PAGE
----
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#7 Travis Cline

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Posted 23 February 2006 - 06:35 PM

I've seen it on Moviecam, Arri III, and Gold II. Shutter artifact does sound like it could be, but if so is there anyway to avoid that? The cameras were in good condition and certainly the shutter was in good order, ie painted black. I also forgot to metion that it has occured with filter and without filters. I believe I've always seen it when shooting at a more open aperture as well, but I'm not 100 percent I've never seen it at lower f/stops though.

Travis
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#8 Phil Rhodes

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Posted 23 February 2006 - 08:29 PM

"Lens"

Not "Lense"

Phil "Facial Tic" Rhodes
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#9 Mitch Gross

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Posted 23 February 2006 - 08:53 PM

It's called gate flare. It happens even with gates painted matte black, although to a lesser degree. I see this all the time--notice it on TV and at the movies and have had it happen to me as well. A point source or bright light transmitted through the lens hits the edge of the physical gate and causes a little blast of light to project onto the film. It can happen along all four sides and apart from repainting your gate and making sure there is no oil or moisture accumulated on it there is nothing you can do about it. Panning through practicals and street lights at night are the most common causes.
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#10 David Mullen ASC

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Posted 23 February 2006 - 09:49 PM

I've had that happen when lighting is striking the left edge of the frame where the shutter is coming from.
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#11 Travis Cline

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Posted 23 February 2006 - 10:27 PM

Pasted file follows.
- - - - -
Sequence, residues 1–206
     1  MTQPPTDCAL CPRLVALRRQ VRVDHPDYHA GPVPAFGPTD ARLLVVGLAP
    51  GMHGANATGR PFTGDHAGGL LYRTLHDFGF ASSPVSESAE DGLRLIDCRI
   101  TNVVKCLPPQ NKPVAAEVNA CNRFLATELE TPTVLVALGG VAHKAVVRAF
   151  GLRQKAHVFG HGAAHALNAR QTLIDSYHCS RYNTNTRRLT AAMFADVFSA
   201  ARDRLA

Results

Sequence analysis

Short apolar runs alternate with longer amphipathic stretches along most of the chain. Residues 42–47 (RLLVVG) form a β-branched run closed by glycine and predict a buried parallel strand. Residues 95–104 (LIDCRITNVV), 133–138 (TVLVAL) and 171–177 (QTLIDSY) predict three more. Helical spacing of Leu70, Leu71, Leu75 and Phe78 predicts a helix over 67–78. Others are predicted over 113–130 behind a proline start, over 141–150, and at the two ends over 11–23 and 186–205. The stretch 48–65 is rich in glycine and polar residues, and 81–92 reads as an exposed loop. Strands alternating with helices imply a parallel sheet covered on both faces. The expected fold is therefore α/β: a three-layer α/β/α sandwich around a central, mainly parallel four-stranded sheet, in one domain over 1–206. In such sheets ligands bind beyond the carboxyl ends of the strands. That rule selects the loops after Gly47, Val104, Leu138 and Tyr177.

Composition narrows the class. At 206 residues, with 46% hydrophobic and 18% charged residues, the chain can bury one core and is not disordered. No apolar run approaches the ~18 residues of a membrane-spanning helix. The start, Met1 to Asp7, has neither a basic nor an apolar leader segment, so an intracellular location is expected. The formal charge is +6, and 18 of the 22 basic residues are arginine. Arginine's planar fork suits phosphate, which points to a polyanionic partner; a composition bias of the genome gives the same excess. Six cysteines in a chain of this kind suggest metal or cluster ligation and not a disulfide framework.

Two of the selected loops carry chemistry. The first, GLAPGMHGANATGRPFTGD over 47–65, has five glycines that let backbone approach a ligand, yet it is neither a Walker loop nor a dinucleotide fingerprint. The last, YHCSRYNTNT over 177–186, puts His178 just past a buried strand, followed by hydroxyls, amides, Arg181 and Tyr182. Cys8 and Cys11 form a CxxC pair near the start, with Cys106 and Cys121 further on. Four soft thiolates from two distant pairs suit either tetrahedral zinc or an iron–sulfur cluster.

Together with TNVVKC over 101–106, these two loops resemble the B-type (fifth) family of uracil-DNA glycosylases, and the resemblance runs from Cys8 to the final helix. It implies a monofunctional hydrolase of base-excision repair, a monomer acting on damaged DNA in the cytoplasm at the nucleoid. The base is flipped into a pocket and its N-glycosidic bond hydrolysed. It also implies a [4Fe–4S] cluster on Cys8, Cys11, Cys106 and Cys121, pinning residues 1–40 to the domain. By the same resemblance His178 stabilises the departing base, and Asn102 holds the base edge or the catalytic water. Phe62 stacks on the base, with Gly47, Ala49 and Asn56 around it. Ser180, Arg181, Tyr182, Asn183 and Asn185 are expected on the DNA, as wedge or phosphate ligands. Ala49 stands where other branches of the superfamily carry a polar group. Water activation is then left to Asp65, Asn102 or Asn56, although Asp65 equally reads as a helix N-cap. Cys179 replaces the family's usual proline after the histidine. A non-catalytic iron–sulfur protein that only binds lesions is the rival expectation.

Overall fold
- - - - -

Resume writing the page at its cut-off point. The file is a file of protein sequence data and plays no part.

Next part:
Thanks everyone, I thought I was doing something wrong, or more accurately that something was wrong with the camera. I guess its something we have to live with then? Also, lense is the dictionary as:


lense

n : a transparent optical device used to converge or diverge transmitted light and to form images

Not to be too particular, I learned that from a DP I worked for when I first started with this work. Thanks again though for all your help.



So, if the rental house gives me a metallic silver gate and I want to avoid this problem will a black gate help any or is it the same either way?

Travis

Edited by travisclinedp, 23 February 2006 - 10:28 PM.

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#12 Mitch Gross

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Posted 23 February 2006 - 10:31 PM

A black gate is better but it can still happen.
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#13 Travis Cline

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Posted 23 February 2006 - 10:46 PM

Thanks Mitch, I'll make sure to get a black gate next shoot and see how that affects it.

Travis
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#14 Phil Rhodes

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Posted 24 February 2006 - 07:03 AM

Hi,

3D Studio Max has been able to simulate this effect since R4 :)

Phil
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#15 Patrick Neary

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Posted 24 February 2006 - 11:05 AM

A black gate is better but it can still happen.


why would the gate cause a flickering flare? My understanding is that it's usually a leading or trailing edge of the shutter that catches the light and causes the flickering effect...
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#16 Mitch Gross

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Posted 24 February 2006 - 01:11 PM

The light can bounce off the gate onto the shutter or the light can be bouncing around inside the camera and then off the shutter edge to create flicker. The gate flares I originally described don't flicker too much, but they can pulse depending on how they hit and the design of a given camera. For instance, non-flickering gate flares can be a big problem in Aatons but the flickering type almost never happens because it is so tight inside the camera. The Arri 16BL rarely has steady gate flares, but the flickering ones can be quite a problem, especially with practicals at the top of the frame.